There is one thing that always makes me freaking insane about awards shows. We are watching the Pretty People accept their awards, giddy or crying and gushing thanks to their hair stylist, their dresser, the folks at the craft service table who made sure their non-fat lattes were really non-fat every day. Would it kill them to thank the people who INVENTED their freaking character? The people who came up with the words that came out of their mouths? This award's season, count how many people thank their dog (I'm looking at you, Christopher Plummer) before they thank the flippin' writers.
What does it say about our world that the Idea Creators are dismissed while those who Play Pretend Well are lauded as gods?
Name the greatest star of Shakespeare's day. Having trouble? What about Moliere's leading man? Ibsen's? Shaw's?
What has changed in our modern culture that we no longer honor the creators, but rather the faces?
The same thing bothers me in music. We revere those with beautiful voices. We ignore those who create the spell-binding songs. Composition, the true creation, that is what people love, but they give that love to those who are the mouthpieces, not those who are the creators.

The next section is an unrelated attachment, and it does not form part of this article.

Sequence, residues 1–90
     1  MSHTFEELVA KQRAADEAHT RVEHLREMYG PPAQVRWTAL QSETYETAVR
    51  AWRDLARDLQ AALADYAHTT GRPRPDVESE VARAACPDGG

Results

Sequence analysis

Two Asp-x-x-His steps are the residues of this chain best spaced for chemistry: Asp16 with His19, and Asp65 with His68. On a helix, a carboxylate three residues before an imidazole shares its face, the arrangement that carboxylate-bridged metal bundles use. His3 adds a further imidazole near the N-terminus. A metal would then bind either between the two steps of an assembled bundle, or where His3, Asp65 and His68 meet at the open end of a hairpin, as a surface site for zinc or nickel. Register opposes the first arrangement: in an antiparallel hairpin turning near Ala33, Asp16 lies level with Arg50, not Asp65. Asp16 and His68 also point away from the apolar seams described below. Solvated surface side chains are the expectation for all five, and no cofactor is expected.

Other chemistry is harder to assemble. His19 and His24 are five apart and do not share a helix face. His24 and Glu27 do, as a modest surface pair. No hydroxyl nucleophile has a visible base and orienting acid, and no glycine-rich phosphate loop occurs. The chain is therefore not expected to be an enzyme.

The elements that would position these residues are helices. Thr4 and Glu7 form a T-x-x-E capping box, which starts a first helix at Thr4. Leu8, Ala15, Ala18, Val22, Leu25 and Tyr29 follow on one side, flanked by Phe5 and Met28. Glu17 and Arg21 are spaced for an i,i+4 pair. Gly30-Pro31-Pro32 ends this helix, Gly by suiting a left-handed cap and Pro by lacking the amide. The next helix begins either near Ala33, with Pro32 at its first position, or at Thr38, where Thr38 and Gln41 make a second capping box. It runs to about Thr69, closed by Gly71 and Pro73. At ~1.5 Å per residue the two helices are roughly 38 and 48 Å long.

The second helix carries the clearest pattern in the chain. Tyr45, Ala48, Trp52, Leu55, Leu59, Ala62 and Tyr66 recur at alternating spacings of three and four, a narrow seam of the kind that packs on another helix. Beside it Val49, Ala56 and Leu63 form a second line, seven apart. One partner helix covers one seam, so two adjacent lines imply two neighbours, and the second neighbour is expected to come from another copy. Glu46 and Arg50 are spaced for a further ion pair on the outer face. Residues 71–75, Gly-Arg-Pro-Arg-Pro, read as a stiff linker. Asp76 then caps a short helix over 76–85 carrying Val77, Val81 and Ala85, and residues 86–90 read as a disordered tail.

Not to devalue what the performers do (because they do a lot!), but the imbalance makes me crazy. Probably because of my perspective. As an author, not a performer.
This is one of my favorite interviews of all time, and it plays to this subject - the idea of acting as a man's profession. Is celebrity good for anyone, even the celebrities?
I think the quote Colbert refers to is actually this one from Millard Kaufman (screenwriter nominated twice for Oscars). "Acting? Now that is a miserable profession. An awful life. Even the best of them, they sit around most of the year, not working, not doing anything. Marlon Brando once told me acting is not a job for a grown man. Even the successful ones. Like Humphrey Bogart. Who was a drinker. Very bright. A wonderful chess player. But most of the year he had nothing to do, so he drank. He was a helluva decent man."
Interesting, isn't it? The idea that we need activity, work, creativity to be whole and yet revere those who do their one piece of the puzzle beautifully, the fraction people. Is that part of why young, seemingly well-adjusted actors turn into Nick Nolte, Mel Gibson, Tom Cruise, & Charlie Sheen? (Though, yes, obviously the celebrity/paparazzi insanity plays a huge part.)
I've gotten off on a tangent. The moral of the story is - honor the creators. Especially if you yourself are being honored for taking part in their creation. Here's hoping all the actors remember to give a nod to their writers. (Especially since most of the nominees this year were based on books.)